General habitat information

  • Habitat description: Found in brushy white cedar thickets and swampy swales along Great Lakes.
  • Soils: Moist to dry, gravelly or sandy, calcareous soils.

Natural communities

This table lists the natural communities that are associated with Beautiful Sedge. Scores for natural community associations are: "significant" association (score=3), "moderate association" (score=2) or the species can be present but is only weakly associated with the community (score=1).

Natural communities score
Great Lakes Ridge and Swale 2
Boreal Forest 3

Ecological landscapes

This table lists the ecological landscape association scores for Beautiful Sedge. The scores (3=High, 2=Moderate, 1=Low, 0=None) also correspond to the map.

Map of the Ecological Landscapes of Wisconsin.

Species guidance

The Endangered Resources Program has developed avoidance measures and management guidelines for plants on the Natural Heritage Working List. These are a work in progress, and we welcome your suggestions and feedback. Sources used in developing this information can be found here.

Avoidance measures

These are specific actions designed to avoid "take" (mortality) of this species.

  • Avoid site preparation that heavily disturbs herbaceous ground layer and soil; these include bulldozing and furrowing, as well as grubbing and stump removal.
  • Avoid direct disturbance to sensitive microsites such as seeps, cliffs, and moss-covered boulders.
  • Avoid known individual plant locations and conduct operations elsewhere when they are least likely to cause damage. Ideally, this would involve frozen, snow-covered ground. However, in areas of the state where frozen conditions are unreliable, very dry soils late in the growing season might be the best available alternative. Consult with a biologist, if needed.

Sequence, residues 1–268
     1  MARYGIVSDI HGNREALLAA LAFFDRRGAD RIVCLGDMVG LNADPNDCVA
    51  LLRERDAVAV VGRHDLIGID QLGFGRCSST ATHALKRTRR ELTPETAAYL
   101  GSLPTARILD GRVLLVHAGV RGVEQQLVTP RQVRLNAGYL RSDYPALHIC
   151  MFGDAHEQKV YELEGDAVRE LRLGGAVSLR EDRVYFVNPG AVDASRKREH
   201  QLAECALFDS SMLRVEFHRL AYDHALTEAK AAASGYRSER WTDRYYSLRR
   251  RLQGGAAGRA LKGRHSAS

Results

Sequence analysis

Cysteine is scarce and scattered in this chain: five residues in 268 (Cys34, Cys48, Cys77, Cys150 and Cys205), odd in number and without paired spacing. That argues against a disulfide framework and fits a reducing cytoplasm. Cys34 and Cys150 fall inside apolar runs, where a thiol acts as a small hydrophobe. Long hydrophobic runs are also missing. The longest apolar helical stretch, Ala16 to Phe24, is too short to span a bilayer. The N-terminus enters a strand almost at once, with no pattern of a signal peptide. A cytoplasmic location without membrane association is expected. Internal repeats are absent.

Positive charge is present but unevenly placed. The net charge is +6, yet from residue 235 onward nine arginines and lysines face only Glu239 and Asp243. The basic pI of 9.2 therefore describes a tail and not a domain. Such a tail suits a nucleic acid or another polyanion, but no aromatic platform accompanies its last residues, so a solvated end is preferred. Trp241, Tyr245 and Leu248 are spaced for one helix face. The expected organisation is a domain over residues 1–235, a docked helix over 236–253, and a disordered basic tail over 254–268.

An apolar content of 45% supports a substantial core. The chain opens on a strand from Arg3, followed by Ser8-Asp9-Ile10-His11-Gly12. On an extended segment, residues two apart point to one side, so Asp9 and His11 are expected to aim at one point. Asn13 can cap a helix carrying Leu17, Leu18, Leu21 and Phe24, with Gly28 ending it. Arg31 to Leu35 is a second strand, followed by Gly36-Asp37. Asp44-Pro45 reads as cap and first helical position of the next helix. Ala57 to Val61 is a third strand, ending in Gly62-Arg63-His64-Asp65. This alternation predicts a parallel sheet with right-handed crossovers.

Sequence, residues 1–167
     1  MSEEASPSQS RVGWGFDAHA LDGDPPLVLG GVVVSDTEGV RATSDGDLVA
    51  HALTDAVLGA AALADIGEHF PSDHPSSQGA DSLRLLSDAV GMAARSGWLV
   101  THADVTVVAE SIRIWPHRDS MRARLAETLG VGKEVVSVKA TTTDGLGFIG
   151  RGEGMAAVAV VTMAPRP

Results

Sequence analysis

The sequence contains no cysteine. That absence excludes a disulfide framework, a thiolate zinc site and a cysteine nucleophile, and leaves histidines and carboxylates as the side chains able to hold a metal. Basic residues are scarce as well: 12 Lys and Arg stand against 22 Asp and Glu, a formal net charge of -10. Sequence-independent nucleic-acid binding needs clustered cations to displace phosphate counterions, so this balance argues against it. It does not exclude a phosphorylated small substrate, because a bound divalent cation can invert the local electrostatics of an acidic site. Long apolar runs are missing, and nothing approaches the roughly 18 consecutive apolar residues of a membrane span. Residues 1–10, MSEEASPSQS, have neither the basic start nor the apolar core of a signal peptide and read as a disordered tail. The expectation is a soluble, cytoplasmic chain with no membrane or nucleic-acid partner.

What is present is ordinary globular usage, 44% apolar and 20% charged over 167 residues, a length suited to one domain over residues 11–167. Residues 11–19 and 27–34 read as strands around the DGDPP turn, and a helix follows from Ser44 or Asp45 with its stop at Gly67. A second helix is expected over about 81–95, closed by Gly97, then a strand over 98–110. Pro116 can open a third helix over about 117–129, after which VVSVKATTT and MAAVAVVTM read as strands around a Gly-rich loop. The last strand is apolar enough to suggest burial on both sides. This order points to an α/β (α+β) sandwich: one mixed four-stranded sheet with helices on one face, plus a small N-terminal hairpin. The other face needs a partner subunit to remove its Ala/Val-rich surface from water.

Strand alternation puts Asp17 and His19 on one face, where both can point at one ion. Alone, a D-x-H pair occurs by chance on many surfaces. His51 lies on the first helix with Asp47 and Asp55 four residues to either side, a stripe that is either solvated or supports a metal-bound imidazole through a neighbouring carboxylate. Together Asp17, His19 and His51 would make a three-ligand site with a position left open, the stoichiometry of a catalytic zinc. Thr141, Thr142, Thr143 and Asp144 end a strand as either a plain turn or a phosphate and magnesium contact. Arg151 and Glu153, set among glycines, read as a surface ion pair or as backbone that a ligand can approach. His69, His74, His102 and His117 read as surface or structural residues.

• Avoid broadcast spraying of herbicides; use care with spot spraying.

Management guidance

Management guidelines are additional considerations that may help maintain or enhance habitat for this species

  • Follow BMPs, especially around streams and use care near ravines, steep slopes, cliffs, rock outcrops, etc.
  • Buffer management around unique microhabitats such as ephemeral ponds, seeps, etc.
  • Avoid disturbance to shorelines and the forest-beach interface.


Beautiful Sedge Photo.

Photo © Emmet Judziewicz.

Beautiful Sedge Photo.

Photo ©  USDA-NRCS.

Support for Wisconsin's rare plant information has been provided by the Division of Forestry, the Endangered Resources Fund and the Wisconsin Rare Plant Preservation Fund. To donate, visit the Natural Resources Foundation of Wisconsin [exit DNR].

Last revised: Wednesday, May 05, 2021
Southwest Savanna Southern Lake Michigan Coastal Western Coulees and Ridges Southeast Glacial Plains Central Sand Hills Central Lake Michigan Coastal Central Sand Plains Northern Lake Michigan Coastal Northern Lake Michigan Coastal Northeast Sands Western Prairie North Central Forest Northern Highlands Northwest Lowlands Northwest Sands Northwest Lowlands Superior Coastal Plains Forest Transition